All I'm churning out is a buncha' blah-blah-blah. Lukewarm spew-you-out-of-my-mouth stuff of Biblical proportions. Quick, somebody give me a good whack to the head! Aargh!

Sunday, July 09, 2006

H - less in Manhattan

Saw this little sign outside a trendy art gallery and couldn't resist documenting it. True art doesn't include correct spelling, I reckon.

Saturday, July 08, 2006

Da' Bridge

They say the Brooklyn Bridge is the only place on earth where an airplane can fly over a pedestrian walking on top of a car driving over a boat floating over a subway train ( the train goes under the river between the boroughs here). Whew! That said, I was one of those pedestrians, etc., today. It's a great walk with spectacular views. I walked to Brooklyn, had lunch, walked back. Call me when you get to town, and we'll walk over to the Brooklyn Ice Cream Factory for some great ice cream and amazing scenery!

Friday, July 07, 2006

Mmmmm, a rooster's hind-feathers

I love passing little bars and restaurants that proudly proclaim "Cocktails" on the outside. There's just something about the word "cocktail" that conjures up Nick and Nora Charles or the Algonquin Roundtable group.

"Let's go for a cocktail" sounds so much more alluring and upscale than "Let's go for a drink," which sounds like you just want to get drunk and throw up on a sawdust floor. A cocktail requires a little black dress and sling-backs. A drink? Running shorts, a sleeveless t-shirt and a mullet.

But where on earth did the term "cocktail" - as a description for a mixed beverage - originate? Everything I've found out so far seems pretty weak and usually ends with "but no one's really sure." Enlighten me, someone. Where do you think the term "cocktail" came from?

And let's go for cocktails later, darling.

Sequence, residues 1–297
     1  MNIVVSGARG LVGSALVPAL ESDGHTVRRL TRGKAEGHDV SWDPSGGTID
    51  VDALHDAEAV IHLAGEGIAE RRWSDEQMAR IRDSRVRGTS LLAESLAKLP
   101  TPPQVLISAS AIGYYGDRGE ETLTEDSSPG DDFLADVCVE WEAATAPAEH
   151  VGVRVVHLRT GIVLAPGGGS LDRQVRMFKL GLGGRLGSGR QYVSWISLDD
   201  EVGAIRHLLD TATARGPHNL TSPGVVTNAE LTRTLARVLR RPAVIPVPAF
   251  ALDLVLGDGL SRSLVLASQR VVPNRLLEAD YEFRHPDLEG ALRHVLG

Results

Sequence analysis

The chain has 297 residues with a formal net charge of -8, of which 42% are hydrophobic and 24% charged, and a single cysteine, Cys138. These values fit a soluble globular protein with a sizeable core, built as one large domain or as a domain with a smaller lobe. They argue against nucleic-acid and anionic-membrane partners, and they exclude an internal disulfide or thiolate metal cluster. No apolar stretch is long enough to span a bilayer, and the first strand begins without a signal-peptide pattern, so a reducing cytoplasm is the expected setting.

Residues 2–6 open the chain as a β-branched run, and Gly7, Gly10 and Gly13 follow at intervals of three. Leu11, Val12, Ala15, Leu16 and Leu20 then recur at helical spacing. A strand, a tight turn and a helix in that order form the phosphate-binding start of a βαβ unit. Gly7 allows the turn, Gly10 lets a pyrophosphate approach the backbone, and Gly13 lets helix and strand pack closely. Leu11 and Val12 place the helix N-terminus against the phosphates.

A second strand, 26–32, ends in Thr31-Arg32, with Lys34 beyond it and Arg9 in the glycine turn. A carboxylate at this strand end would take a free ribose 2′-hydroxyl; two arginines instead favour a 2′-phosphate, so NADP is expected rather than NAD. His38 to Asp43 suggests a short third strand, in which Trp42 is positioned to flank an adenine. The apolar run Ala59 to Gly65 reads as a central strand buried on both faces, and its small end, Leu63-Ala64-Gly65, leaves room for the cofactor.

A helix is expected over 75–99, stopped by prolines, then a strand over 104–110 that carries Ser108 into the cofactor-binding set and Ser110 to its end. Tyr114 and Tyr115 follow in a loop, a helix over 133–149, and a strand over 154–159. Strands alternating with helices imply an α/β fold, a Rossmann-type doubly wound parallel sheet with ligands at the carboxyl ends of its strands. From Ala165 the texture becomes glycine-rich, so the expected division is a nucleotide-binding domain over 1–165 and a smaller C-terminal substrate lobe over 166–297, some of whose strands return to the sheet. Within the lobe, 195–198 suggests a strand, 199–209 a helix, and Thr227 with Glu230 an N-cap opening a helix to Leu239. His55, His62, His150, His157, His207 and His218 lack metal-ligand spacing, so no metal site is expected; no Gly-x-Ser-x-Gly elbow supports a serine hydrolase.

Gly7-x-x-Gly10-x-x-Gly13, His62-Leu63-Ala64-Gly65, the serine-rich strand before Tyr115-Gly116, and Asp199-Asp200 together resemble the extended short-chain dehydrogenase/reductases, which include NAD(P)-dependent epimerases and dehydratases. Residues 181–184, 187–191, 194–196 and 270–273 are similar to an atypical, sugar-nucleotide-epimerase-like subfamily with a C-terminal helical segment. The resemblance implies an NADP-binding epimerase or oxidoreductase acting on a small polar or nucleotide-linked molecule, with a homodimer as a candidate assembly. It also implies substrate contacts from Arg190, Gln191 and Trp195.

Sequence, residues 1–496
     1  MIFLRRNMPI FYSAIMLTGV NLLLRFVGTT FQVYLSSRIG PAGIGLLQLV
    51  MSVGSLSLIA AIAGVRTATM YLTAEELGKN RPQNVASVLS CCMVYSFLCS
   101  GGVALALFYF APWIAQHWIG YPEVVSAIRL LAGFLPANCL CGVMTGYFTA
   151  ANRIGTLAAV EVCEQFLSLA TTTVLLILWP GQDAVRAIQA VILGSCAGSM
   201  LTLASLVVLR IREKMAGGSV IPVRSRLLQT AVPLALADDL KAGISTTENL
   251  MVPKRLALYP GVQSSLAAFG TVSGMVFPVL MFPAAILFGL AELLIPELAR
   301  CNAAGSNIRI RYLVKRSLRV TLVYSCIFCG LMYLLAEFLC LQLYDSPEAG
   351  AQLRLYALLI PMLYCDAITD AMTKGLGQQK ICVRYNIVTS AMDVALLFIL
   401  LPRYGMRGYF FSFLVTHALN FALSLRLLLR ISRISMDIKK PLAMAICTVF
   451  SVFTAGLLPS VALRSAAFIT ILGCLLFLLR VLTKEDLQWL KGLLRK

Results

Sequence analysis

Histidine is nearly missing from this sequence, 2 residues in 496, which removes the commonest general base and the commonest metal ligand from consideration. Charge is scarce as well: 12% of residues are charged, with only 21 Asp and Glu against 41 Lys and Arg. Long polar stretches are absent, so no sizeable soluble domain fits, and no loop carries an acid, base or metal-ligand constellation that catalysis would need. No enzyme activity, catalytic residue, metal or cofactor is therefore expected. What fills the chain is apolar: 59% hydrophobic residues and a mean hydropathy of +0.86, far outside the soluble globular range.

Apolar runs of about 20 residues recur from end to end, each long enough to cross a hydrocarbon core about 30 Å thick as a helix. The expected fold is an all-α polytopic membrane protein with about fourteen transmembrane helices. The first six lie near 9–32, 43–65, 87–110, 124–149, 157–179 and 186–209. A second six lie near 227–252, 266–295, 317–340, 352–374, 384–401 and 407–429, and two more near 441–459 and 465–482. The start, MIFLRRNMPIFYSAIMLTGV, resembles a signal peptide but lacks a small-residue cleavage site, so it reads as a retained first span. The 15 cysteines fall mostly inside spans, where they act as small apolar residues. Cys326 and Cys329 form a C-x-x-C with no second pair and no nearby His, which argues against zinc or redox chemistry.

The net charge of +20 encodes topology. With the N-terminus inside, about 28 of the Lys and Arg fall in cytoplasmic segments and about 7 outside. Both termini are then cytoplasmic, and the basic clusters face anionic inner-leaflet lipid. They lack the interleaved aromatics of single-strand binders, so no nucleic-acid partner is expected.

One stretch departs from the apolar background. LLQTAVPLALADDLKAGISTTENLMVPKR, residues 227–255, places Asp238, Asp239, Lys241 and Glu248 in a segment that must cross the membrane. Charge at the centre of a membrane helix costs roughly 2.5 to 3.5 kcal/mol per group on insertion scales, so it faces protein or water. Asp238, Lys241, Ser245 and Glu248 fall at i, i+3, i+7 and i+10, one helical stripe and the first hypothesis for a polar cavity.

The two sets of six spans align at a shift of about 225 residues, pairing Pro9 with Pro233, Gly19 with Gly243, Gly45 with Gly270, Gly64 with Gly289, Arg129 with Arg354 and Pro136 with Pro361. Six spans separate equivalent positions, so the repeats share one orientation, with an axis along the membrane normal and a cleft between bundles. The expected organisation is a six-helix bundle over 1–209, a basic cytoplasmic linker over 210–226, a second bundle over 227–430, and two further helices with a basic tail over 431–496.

Lunchtime in the UN 'hood

I know most people think of fiscal and political incompetence when they think of the United Nations, but I always think of Eleanor Roosevelt, Dag Hammerskjold, and UNICEF. Such a romantic, I know!

Anyway, since it was such a gorgeous day here in New York - sunny, low humidity - I decided to stroll over to the next block to get upclose and personal with the place. (OK, not that upclose - too many guards, doncha' know.) Here are a couple of pics -

Thursday, July 06, 2006

Pocket Lint

Odds and ends. Bits and bobs. Stuff and nonsense. Pestering little gnats flying around in my head. This is as good a place as any to get rid of it.
  • Having finished The Shadow of the Wind (great book - thanks for the recommendation, Liz!), I'm in a duel-book situation right now, reading both Marley and Me and Balzac and The Little Chinese Seamstress at break-neck speeds. Somehow I picked up both the other afternoon, just to get a taste, and wham! - got sucked into both. So, it's back and forth for me for a couple of days. Both books will be finished tonight, I suspect. Ever do that? Always do that?
  • No Emmy nomination for Hugh Laurie? An outrage! A whack on Emmy's head with Gregory House's cane!